5G Don't Need It

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To keep pace with large corporations, independent business owners need every technological advantage they can get. As a result, tech-savvy founders may have heard the rumblings about the game-changing capabilities of 5G. However, while the latest generation of mobile wireless technology has incredible potential, it may not be an innovation worth investing in just yet.


How businesses can benefit from 5G

As 5G service has not yet been introduced throughout the United States, it’s hard to say which businesses could benefit the most from its adoption. A fully functional 5G network offers high-speed and high-capacity wireless internet, and could potentially be used by any business that maintains a digital infrastructure. As this Forbes article points out, 5G’s rapid response time and robust bandwidth might be able to provide automakers with the networking capabilities they need to mass-produced self-driving cars. If that proves to be correct, 5G-equipped vehicles could be supremely helpful for any company that has a logistics department.

Moreover, 5G’s theoretical capability to deliver seamless gigabit internet to several mobile devices within a defined area with no drop in quality could have major implications for the industrial sector.


Why 5G isn’t that helpful, at least yet

For all of 5G’s promise, there is one problem with the wireless technology — it isn’t quite ready yet. Although all the major wireless carriers have announced plans for a 5G rollout in 2019, it’s probably going to be a while longer before the technology is widely available. As The Verge explains here, 5G is set to receive a staggered release in select major cities next year before going national. As a result of that limited initial availability, giant smartphone makers like Apple aren’t expected to release 5G capable mobile devices until 2020 at the earliest.

For businesses operating in major cities that hope to use 5G to give their operations a speed boost, there may be some issues there as well. As opposed to older generations of mobile tech, 5G uses short wavelength and transmission range wireless frequencies that can be subject to interference from everything from doors to walls to windows. Until its inconsistent connectivity issues are resolved, 5G would be a poor replacement for a high bandwidth dedicated internet solution.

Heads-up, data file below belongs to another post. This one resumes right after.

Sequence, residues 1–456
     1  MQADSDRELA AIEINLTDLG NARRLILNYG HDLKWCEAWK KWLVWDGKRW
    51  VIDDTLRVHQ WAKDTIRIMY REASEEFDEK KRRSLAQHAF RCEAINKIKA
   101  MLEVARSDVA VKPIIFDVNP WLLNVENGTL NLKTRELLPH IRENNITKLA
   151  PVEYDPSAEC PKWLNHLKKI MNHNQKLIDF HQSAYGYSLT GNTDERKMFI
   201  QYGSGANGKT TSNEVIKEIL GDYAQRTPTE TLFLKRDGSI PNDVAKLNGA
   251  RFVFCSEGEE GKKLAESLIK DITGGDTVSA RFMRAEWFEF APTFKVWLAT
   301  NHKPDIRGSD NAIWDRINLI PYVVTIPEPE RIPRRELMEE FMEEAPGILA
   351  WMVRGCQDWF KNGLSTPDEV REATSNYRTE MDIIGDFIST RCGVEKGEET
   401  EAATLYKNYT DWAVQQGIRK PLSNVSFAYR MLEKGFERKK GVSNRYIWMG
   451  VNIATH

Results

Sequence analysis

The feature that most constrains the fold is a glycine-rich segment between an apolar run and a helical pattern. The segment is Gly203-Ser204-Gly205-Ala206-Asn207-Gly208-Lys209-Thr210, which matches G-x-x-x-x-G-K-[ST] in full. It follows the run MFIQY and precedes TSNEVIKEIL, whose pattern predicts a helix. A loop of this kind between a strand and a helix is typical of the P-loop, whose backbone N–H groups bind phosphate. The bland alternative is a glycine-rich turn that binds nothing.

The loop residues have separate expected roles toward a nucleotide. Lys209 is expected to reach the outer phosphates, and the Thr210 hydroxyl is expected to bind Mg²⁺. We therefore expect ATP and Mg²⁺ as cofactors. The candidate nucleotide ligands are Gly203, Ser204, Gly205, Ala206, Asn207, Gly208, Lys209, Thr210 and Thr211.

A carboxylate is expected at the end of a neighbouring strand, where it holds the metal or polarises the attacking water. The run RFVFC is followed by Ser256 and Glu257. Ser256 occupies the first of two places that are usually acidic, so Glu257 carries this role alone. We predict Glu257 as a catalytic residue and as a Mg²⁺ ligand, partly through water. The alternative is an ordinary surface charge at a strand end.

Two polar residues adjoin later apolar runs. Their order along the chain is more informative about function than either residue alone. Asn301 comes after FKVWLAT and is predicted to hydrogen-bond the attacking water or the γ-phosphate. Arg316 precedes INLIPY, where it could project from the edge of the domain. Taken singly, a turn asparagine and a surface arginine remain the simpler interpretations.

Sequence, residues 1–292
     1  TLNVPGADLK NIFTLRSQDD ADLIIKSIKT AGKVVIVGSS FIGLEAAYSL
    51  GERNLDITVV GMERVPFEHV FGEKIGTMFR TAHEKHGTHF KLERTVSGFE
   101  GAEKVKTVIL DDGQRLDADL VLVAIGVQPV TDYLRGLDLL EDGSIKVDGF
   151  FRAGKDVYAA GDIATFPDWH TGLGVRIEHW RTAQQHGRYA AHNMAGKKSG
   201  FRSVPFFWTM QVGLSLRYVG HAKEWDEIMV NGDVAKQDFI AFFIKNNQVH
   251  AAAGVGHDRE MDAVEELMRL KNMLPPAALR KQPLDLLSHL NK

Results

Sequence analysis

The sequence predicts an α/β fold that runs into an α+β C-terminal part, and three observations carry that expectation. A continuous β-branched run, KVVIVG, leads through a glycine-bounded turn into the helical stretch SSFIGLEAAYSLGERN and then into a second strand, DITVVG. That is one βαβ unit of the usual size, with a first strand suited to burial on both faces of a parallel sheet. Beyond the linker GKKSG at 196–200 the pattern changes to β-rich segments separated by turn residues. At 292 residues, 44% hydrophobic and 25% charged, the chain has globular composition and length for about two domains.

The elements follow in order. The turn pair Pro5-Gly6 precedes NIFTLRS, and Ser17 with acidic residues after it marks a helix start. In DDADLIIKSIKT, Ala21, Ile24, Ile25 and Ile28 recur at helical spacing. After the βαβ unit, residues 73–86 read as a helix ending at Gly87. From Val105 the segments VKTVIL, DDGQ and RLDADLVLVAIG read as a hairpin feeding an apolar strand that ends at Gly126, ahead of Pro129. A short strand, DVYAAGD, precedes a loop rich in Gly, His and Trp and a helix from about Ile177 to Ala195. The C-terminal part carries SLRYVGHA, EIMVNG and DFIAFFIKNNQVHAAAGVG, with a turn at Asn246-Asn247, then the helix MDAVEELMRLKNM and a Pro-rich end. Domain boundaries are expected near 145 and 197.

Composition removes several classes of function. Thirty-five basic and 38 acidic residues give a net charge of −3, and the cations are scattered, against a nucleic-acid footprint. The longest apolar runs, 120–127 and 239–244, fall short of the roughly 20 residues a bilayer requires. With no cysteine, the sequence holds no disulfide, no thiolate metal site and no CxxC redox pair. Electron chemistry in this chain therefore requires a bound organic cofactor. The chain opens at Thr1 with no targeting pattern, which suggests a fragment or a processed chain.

Lastly, Wireless One has reported that the first wave of 5G technology might only be 20 percent faster than existing 4G LTE. However, due to the increased telecommunications royalty rates for 5G, providers will likely end up charging businesses a profit-eroding premium rate for access to faster internet.


5G could be the future, but the future isn’t now

Although 4G capable mobile devices became available in the United States in 2010, it took years of development and costly setbacks for wireless carriers and mobile device makers to fully harness the power of that emerging technology. That pattern will likely repeat itself once the 5G rollout begins next year. While the fifth generation of wireless technology may live up to the game-changing potential, conscientious owners should stick with a proven wireless high-speed internet solution until 5G comes into maturity.  


Comcast Business has the largest IP network in the nation, serving the needs of small business through large enterprise customers. Technology solutions range from fast, reliable Ethernet and Internet connectivity to voice, video, and Managed Solutions. Comcast Business is powered by an advanced Gig-ready network and 24/7 technical support. Learn more at business.comcast.com/san-francisco.

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